Consuming WCF endpointpoints with SQL Reporting Services can be difficult. Most of this difficulty is for two reasons:
1) SQL Reporting Services XML and web services support is slightly better than a piece of crap.
2) Documentation for the XML query provider in SQL Reporting Services blows.
One of the big problems with SSRS is that you can't just point it to a WSDL document and have it generate a proxy. In fact, the way you use web service data is virtually the same as querying off a static XML document. However, it is possible to get the two working together. Here are the steps:
1) Expose your WCF service using BasicHttpBinding.
2) Select XML data source and enter the url of your service, ie. http://myserver.com/service.svc
3) Enter the XML for your query:
<Method Name="MyMethodRequest" Namespace="http://tempuri.org/">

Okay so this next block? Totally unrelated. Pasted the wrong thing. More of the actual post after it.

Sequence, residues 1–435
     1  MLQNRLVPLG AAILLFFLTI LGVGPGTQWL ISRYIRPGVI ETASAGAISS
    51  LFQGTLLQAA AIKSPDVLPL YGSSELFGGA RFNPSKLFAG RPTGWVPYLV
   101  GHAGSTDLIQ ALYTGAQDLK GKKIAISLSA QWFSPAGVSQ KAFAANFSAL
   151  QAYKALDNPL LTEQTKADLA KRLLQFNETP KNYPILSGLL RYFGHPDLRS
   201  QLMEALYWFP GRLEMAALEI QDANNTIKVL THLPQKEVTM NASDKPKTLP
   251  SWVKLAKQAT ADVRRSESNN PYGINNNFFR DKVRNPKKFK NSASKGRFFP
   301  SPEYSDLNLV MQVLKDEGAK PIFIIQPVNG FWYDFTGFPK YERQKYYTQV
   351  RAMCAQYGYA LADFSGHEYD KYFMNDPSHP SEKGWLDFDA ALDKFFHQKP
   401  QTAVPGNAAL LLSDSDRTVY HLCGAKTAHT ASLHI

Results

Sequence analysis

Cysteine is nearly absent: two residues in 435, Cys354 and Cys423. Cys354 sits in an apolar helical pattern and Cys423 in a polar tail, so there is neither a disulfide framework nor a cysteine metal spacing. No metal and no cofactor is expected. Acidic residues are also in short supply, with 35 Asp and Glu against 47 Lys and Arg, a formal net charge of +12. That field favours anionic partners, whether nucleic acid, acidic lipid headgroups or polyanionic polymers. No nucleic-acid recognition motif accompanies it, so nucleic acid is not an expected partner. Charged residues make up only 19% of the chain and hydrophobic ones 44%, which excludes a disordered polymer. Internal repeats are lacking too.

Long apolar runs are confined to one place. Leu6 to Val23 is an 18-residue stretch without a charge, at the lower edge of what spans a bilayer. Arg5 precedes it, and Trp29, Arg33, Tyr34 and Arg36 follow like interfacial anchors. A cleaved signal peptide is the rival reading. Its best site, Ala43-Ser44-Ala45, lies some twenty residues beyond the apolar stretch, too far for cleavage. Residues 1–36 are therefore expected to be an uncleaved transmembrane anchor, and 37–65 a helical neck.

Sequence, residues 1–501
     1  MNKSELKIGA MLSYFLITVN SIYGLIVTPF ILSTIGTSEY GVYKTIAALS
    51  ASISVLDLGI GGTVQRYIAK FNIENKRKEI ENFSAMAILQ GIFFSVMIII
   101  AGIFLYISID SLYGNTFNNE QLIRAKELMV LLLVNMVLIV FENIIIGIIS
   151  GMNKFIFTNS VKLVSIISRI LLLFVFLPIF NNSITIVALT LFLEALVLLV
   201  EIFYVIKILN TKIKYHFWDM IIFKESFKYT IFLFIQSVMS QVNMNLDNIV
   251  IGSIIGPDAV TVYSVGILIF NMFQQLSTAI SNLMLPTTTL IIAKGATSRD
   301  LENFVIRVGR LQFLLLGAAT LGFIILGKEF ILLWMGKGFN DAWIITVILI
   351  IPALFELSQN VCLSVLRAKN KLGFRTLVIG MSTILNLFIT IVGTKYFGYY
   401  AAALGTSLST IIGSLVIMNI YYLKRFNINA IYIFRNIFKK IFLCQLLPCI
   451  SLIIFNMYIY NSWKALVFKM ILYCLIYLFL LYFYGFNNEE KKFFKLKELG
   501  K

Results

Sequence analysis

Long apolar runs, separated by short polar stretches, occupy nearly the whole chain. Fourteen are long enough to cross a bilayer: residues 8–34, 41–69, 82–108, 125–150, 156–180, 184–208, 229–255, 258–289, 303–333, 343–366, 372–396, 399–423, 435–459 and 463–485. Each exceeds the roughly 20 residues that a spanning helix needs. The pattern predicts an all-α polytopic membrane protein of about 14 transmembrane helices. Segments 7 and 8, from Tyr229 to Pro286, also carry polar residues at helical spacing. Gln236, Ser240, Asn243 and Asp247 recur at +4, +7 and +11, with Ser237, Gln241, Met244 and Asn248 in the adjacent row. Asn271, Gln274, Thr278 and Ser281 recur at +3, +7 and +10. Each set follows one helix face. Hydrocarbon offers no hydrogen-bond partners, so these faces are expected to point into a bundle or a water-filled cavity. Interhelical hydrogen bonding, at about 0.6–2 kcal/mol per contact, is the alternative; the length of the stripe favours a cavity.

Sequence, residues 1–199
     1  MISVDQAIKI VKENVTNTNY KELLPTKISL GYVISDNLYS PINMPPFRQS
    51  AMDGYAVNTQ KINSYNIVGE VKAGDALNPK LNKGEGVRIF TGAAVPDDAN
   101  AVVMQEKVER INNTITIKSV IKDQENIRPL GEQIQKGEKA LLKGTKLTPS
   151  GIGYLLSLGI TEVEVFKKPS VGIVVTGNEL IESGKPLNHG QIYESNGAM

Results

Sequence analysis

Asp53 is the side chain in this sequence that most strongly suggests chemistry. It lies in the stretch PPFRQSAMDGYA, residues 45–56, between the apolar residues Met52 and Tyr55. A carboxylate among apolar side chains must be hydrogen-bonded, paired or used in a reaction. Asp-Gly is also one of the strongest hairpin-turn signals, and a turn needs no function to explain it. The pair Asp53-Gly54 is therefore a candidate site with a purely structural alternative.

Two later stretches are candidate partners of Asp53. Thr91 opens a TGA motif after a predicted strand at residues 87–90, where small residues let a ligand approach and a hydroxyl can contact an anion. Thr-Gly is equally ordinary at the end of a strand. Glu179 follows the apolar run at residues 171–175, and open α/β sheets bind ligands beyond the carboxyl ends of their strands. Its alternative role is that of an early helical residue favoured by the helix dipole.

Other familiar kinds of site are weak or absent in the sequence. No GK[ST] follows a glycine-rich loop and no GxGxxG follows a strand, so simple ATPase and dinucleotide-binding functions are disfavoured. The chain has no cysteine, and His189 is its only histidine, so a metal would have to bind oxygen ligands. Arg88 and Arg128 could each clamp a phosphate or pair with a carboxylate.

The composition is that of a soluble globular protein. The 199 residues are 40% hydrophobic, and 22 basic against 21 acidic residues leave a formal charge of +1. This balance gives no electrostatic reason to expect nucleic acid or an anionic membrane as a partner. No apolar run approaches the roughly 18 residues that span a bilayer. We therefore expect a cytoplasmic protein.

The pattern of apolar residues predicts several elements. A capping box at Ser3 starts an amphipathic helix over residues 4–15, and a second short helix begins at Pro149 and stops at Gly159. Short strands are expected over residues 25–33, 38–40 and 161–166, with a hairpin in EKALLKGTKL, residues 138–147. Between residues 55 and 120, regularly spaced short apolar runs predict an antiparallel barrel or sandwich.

4) Make sure your WCF proxy is set up properly to work with SSRS:
public class MyMethodRequest
public string Param1;
public interface MyService
MyMethodResponse MyMethod(MyMethodRequest request);
Notice a few things. First, you will want your request to be wrapped. By default, the method name in your SSRS query must match the class name of your request. If you want to change your wrapper name, that is ok, but make sure to keep the wrapper name / namespace in sync with the Method element in SSRS. If you specify a custom action on your OperationContract, make sure that the soap action matches that action.
If you get an error message when you try to connect, remember these two things:
1) The error dialog has a details button where you can drill down and get more detailed information about the error that occured on the server, rather than the generic useless error it gives you.
2) If the details on the error dialog aren't giving you enough information, enable message tracing on your WCF service. If you aren't familiar enough with the WS specs or WCF to know what is wrong with the communication, create a quick app that calls the service using WCF and then compare a trace between the SSRS call and your sample app.
As a final note, watch out for missing or extra trailing slashes in namespaces and make sure everything is cased properly. One missing or extra slash or one improperly cased character can hose the entire request.